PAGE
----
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Single:   unmarried, unwed, unattached, free, without a partner, spouseless, partnerless, a bachelor, a spinster, on the self…

Research on singles has been criticised because the group of single people is so diverse that it is difficult to study it. Singles can be single, divorced, single parents or widows. Someone can be single for a few months and suffer from it and other ones can live happily single for years. Everyone’s unique life situation affects their own satisfaction and happiness.

Studies have shown that usually the newly divorced or widowed feel the least happy.  Those who have always been single are almost as satisfied as those who are in a relationship. Singles are also happier than those who are in poor relationships. However, on the whole, single people are very different. Living alone does not necessarily mean loneliness. Your own life situation may be self-selected or not.

Society’s attitude towards singles has become more positive during the past decades. Usually, women accept being single better than men. Still, single people are associated with negative stigmas even nowadays. According to research by Morris et al. (2008) singles were thought to be more likely to have HIV, even though their sexual behaviour was described as being similar to people who were in a relationship.  People also rated married people more positively than divorced or single people. Married persons are more likely seen to be mature, settled, honest, happy, kind and loving. Singles are more likely to be seen as immature, insecure, self-centred, unhappy, lonely and independent. The older the single person, the greater are the stereotypical views attached to them. Stereotypical views attached to singles are not often recognised. The fact that partnership is still the norm in society affects many singles’ experience of themselves and their meaning in relation to others.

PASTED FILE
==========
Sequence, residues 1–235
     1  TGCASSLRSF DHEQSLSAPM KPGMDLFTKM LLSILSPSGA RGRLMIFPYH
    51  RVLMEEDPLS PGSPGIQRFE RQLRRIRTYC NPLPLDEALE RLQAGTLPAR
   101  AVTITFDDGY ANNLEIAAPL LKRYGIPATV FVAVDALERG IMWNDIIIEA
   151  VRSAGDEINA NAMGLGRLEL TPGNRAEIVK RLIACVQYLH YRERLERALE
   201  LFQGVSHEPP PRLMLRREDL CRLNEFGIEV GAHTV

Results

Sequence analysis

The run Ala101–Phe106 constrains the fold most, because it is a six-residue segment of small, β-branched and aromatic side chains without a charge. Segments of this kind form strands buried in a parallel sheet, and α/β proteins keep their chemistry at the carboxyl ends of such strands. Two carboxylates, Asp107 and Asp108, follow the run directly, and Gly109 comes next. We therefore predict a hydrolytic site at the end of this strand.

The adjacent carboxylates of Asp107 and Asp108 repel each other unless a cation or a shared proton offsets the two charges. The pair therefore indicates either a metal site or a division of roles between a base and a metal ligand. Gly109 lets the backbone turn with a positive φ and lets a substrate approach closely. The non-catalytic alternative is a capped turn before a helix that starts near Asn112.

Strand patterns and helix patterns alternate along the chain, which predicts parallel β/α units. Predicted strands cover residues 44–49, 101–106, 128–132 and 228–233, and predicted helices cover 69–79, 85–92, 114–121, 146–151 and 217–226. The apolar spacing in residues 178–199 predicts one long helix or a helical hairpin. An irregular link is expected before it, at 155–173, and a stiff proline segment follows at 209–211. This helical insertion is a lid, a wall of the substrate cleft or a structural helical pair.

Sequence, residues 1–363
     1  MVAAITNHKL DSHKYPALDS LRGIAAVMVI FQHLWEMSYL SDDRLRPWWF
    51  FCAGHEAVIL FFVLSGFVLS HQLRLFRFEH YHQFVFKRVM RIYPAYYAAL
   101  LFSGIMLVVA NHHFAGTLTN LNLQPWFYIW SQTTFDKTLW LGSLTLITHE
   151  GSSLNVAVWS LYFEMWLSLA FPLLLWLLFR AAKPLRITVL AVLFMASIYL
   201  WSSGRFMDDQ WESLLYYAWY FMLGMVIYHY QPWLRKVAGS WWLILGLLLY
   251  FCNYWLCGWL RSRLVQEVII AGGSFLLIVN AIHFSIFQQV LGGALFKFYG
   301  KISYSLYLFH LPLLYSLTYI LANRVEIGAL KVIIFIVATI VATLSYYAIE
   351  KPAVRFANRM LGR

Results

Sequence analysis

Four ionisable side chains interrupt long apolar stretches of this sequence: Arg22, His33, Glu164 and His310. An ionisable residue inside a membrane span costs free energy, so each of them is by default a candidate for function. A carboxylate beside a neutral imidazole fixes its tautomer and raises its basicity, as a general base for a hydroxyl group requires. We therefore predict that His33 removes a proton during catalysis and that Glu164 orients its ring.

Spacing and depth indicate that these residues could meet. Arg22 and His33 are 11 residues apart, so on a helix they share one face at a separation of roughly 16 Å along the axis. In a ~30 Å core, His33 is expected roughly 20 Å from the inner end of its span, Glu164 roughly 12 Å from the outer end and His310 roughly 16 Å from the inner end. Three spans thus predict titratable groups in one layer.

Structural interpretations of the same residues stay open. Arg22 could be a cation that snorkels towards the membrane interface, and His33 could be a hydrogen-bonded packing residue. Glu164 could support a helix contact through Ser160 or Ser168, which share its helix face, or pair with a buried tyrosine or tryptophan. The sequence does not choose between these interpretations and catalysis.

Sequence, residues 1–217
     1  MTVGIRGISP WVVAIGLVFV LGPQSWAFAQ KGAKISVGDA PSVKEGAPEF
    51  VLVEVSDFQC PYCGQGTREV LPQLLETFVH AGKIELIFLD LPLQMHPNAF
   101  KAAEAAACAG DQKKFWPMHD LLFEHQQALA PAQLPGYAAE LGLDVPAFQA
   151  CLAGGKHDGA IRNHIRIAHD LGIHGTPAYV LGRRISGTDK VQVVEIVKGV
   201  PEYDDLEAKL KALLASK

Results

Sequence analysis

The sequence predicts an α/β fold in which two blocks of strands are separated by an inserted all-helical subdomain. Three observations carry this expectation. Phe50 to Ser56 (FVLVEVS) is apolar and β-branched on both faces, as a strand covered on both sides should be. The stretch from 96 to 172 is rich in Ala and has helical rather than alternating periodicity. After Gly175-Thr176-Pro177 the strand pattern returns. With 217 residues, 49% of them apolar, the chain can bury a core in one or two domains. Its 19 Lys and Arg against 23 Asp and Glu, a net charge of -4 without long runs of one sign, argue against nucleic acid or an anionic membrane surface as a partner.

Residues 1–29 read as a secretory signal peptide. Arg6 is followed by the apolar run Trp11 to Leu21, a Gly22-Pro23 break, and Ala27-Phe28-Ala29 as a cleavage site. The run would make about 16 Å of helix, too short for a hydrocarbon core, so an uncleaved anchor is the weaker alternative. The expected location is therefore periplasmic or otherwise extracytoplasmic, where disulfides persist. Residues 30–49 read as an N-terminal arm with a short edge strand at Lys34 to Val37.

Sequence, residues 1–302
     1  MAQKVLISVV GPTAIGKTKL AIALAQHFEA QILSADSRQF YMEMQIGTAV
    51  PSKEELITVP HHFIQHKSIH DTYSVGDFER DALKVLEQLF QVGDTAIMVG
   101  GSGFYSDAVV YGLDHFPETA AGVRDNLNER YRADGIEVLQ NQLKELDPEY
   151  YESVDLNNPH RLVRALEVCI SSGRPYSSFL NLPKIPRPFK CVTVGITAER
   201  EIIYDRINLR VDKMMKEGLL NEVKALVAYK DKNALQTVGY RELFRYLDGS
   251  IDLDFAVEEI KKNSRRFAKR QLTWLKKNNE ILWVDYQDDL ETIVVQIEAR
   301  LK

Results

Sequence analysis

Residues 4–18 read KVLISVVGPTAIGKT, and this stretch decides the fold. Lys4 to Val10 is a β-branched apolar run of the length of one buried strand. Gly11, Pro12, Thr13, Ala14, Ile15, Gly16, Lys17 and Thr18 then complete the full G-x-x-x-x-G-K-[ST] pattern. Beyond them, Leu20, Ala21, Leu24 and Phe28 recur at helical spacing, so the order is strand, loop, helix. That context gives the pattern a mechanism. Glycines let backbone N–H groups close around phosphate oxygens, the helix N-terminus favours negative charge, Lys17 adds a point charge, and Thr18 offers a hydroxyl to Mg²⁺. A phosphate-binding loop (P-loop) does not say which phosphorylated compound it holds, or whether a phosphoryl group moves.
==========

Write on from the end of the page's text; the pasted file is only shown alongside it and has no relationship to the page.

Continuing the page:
As a single person, it can be helpful to think that how much the social values ​​and expectations affect your anxiety. What if they didn’t exist? What if you could have the experience that being single is as good way to live life as being in a relationship? How much of your own burden would be taken away? What other reasons are there behind your anxiety or anger for being single?

In spite of all the pressure coming from society, remember that only you have the power to decide from what perspective you choose to think about singlehood. Comparing yourself to others is the best way to make yourself feel miserable. Life as a happy single may sound like a contradictory task. Usually advice is given on how a single person should think, feel and act differently than before in order to find a partner. In the background, the assumption is that the loneliness is due to human qualities, and by changing its properties, the single person can finally fly to the port of happiness. The fear of being unworthy takes pleasure in dating and contemplating one’s own life. An important question to ask is: What if your only “fault” is the belief that something is wrong with you?

De Paulo. (2016). What No One Ever Told You about People Who Are Single. https://www.apa.org/news/press/releases/2016/08/single-people.pdf

Vilhelmiina Välimäki is a Finnish psychologist, who moved to Malta 2018 and has been slowly but surely adjusting to the Maltese environment and culture. She works at Willingness as a Clinical Psychologist and she is specialised in offering support to individuals from different age groups, couples and families.  You can contact her on vilhelmiina@willingness.com.mt or 9944 9910.